January 19, 2012

For Alexander Libby, it's always showtime

Ever since he was a kid growing up in Freeport, the Cheverus alum has aspired to a career in show biz. Look at him now.

By Ray Routhier rrouthier@pressherald.com
Staff Writer

(Continued from page 1)

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Alexander Libby poses with a poster for “Extremely Loud & Incredibly Close” at the Nordica Theatre in Freeport, where he recently hosted a private screening.

Gordon Chibroski/Staff Photographer

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For another scene, Daldry wanted Hanks' character to tell a story using paper shadow puppets, and he gave the puppet-show development chore to Libby. So Libby found himself under a table with Hanks, showing the Oscar winner how to bring them to life.

Libby grew up in Freeport and was involved in theater early on. He started his own theater, the Carriage House Theater, as a teenager in a commercial building located next door to his father's business, Houses and Barns by John Libby. He got a job around the same time at Maine State Music Theatre in Brunswick.

Then he went off to Messiah College in Grantham, Pa., to study theater. While there, he spent his off time "knocking on doors" of theater production offices in New York. During his sophomore year of college, he got a job as a production assistant for Steven Beckler, production supervisor for a version of "La Cage Aux Folles."

From there, Libby kept getting other production and stage manager-type jobs, and never finished college. He worked on a touring production of "Wicked" and on several Broadway shows, including "The Woman in White" and "High Fidelity." As a stage manager, he primarily oversaw people and things on stage -- what and who needed to be where.

During his work on "The Woman in White," Libby met producer Bob Boyett and started working periodically in his office. One day, Boyett had a fateful conversation with his friend Daldry, who is primarily a theater director despite having directed major films including "Billy Elliot," "The Hours" and "The Reader."

Daldry told him that with all his projects and the Tony Awards coming up, he really needed someone to help him be more organized, to be his assistant. Without hesitation, Boyett said Libby would be the right man for the job.

After working with Libby for more than two years and seeing his range of skills on "Extremely Loud & Incredibly Close," Daldry agrees.

"What makes him so good at it? He has impeccable taste, an unbelievably strong work ethic, and enough charm to get through what can be some very difficult situations," said Daldry.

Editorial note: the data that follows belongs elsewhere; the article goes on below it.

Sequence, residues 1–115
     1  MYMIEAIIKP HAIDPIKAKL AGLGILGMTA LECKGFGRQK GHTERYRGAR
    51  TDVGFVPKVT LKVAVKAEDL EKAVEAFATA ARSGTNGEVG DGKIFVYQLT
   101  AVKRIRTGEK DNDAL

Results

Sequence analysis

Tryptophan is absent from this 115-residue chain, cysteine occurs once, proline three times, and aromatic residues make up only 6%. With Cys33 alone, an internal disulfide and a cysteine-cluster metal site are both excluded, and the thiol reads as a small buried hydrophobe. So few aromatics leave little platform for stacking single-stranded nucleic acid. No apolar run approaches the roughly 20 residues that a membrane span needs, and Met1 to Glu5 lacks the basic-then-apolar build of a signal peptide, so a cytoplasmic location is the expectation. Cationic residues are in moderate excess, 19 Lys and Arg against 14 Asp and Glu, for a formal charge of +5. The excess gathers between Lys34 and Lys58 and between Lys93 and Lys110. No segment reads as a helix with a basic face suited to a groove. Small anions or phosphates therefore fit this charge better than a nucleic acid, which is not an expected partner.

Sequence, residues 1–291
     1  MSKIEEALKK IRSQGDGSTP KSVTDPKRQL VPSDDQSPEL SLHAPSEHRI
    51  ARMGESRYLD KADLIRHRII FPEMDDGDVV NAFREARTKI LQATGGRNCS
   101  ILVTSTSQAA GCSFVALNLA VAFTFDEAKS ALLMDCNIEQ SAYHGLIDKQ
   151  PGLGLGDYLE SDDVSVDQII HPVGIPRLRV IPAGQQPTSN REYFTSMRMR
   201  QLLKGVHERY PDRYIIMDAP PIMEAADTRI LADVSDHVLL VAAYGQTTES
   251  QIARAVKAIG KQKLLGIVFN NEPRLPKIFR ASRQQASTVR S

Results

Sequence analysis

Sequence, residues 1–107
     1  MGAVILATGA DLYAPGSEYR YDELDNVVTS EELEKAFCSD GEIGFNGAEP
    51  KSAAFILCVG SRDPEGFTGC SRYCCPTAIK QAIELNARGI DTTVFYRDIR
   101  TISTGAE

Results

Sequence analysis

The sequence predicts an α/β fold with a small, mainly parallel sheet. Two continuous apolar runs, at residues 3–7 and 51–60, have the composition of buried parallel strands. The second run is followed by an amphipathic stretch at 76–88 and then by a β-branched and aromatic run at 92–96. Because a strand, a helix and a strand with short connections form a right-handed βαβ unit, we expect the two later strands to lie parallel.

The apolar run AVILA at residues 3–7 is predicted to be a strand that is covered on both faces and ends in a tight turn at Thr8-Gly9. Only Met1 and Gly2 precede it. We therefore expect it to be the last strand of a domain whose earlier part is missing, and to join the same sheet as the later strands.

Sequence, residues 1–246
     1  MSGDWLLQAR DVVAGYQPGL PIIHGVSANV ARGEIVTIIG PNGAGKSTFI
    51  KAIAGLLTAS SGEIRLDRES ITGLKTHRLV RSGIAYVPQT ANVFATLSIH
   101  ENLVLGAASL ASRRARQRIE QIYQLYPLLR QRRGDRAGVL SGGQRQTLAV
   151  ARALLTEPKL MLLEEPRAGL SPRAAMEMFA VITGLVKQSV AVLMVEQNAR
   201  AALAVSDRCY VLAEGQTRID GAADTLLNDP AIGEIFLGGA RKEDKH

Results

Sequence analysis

As for dreams of becoming a director himself, Libby says he doesn't really have them. He is working on some software that sprang out of an idea he got during the filming of "Extremely Loud" that would basically take a script and create a visual representation of it for the cast and crew to follow. Libby says he's lining up financing and hopes to market it.

But for now, he's getting ready to go to London to work on the Summer Olympics with Daldry, who will produce. After that, he'll go back to his life in New York and continue to look for ways to put on a show.

"I just like making shows," he said, "whatever I can do, however I fit in."

Staff Writer Ray Routhier can be contacted at 791-6454 or at:

rrouthier@pressherald.com

 

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Additional Photos

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As a teenager, Libby started his own theater company in Freeport. Since then, he held a variety of stage-manager-type jobs on Broadway and elsewhere before signing on as assistant to director Stephen Daldry two years ago.

Courtesy photo

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Director Stephen Daldry, pictured on the set of “Extremely Loud,” said Libby had “huge responsibilities” from start to finish in the production of the film.

Warner Bros.

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Libby praised star Tom Hanks for his “team player” attitude.

Warner Bros.



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